Reinforcing the ‘Bond’ between us

New James Bond film ‘Casino Royale’ makes a good case for the next British invasion.

Adri Mehra

Finally. After a quarter-century of thoroughly spotty and increasingly cringe-inducing chapters of the James Bond spy-movie franchise, Agent 007 is back in “Casino Royale” with a cocktail that shakes and stirs, leaving out the drab olives this time.

The “olives” in question were the escapist overindulgences that torpedoed the Bond films of the 1990s and early 2000s – the three ‘G’s: gags, girls, and gadgets.

Certainly, this trifecta also represents the major fun-factored draw of a Bondian epic. Who could imagine the British secret agent without the sly double entendres, the naughty buxom beauties and the wristwatch-powered explosives?

But even the Romans eventually realized that there can be too much of a good thing and Bond’s creative caretakers did the smart thing by stripping the bloated spook of his savoir faire and rebooting the character as a grumpy, impetuous dickhead.

If recent ex-Bond actor Pierce Brosnan was nearing an Austin Powers level of parody as a stupidly slick über-casual ham, then the newly minted Daniel Craig would be more akin to John Cusack in “High Fidelity” – the not-so-tough tough guy you love to hate, or vice versa.

Visually, the film is bleached, grainy, and full of existential dreariness – much like its content. Gone is the Hollywood studio gloss of the post-1960s Bond films, replaced with a filthy splash of grit pulled from recent digital-video docudrama narratives like Steven Soderburgh’s “Traffic” and Christopher Nolan’s “Memento.”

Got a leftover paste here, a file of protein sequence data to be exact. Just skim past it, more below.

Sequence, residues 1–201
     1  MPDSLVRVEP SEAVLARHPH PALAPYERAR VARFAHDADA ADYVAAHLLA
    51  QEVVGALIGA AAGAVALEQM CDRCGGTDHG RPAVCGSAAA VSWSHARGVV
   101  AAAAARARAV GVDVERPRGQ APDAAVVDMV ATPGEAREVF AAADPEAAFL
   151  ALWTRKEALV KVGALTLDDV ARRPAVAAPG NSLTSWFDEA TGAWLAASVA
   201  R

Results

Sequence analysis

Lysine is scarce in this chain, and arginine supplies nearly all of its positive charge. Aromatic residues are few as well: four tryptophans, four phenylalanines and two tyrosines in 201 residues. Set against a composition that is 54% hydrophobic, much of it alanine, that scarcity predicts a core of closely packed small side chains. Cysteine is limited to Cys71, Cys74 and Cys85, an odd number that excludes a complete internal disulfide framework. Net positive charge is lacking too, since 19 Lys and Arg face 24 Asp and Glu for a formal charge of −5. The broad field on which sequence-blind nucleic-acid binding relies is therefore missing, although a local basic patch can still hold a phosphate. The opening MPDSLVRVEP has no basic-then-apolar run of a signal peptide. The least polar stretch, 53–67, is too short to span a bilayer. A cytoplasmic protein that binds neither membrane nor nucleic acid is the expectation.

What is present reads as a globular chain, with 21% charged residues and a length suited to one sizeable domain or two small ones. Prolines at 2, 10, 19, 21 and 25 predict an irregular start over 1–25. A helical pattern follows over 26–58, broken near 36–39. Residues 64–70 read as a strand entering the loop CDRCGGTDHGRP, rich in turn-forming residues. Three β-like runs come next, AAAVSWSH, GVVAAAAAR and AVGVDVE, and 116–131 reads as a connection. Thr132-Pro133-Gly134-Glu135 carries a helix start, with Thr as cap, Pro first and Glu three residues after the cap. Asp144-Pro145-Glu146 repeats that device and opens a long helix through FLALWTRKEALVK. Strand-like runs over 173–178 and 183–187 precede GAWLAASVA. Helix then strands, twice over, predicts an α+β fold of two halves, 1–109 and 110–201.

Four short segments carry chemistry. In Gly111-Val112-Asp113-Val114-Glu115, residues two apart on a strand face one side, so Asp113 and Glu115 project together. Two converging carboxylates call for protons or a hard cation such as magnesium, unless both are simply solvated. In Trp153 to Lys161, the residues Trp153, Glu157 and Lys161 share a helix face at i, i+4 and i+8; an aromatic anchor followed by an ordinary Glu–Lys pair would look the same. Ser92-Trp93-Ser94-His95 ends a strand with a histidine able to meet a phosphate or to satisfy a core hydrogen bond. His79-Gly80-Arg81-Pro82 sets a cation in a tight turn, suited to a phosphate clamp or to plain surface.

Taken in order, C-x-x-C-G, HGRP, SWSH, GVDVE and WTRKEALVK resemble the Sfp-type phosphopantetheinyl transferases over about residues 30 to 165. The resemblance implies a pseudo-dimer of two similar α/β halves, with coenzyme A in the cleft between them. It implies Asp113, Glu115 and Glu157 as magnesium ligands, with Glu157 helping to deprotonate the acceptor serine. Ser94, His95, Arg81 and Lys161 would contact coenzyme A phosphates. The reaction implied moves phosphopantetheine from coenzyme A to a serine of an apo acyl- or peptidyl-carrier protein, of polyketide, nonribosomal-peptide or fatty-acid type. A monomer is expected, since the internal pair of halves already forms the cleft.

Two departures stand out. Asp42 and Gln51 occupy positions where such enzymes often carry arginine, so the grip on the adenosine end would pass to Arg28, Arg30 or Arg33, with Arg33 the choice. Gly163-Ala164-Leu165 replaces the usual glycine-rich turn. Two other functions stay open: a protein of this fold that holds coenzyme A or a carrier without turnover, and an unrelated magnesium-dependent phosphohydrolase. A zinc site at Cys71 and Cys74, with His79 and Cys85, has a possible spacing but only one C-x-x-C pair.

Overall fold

Of course, Bond is still a well-oiled globetrotter, hopping from Madagascar to Montenegro to Venice with perfectly pressed shirts in tow, but it all seems more like a business-class commute than it does a rock-star carousel.

And, although she is a stunning Euro-sparkly brunette, French-born starlet Eva Green, too, is injected with a dash of the weary realism with which the rest of the film is imbued.

For instance, Green has a reasonably-sized chest and even some visible body freckles, which wouldn’t have been tolerated in earlier Hefner-esque installments of Bond’s playboy aesthetic.

And, like Bond, she’s tired, vulnerable, and so over this whole “Mission: Impossible” charade of a life spent working for MI6 and British intelligence.

In short, it’s the limited reliance on the sexy accoutrements that has made this Bond all the more sexy.

Even the action sequences have been toned down. It’s refreshing to be reminded that punches actually hurt a lot and falling in love with the wrong person for 45 minutes of an epic film could cause a bit of pain as well.

The filmmakers also tease us for the first chunk of the film while we watch Bond buzz around in such exotic chick magnets as Ford sedans and Range Rovers, only to mildly reward our patience with a modest Aston Martin DB5, which is not fitted with rocket launchers – only a defibrillator in the glove compartment.

Where am I going with all of this, you ask? Well, straight back to the multiplex, with a barrel of munchies.

Just as our world is no longer entrenched in a Cold War policy-of-containment with an empirical boogeyman, James Bond is no longer a plastic-smelling, womanizing action hero, and I appreciate the reality check.

The ‘Bond’ has never been stronger.

Adri Mehra welcomes comments at [email protected]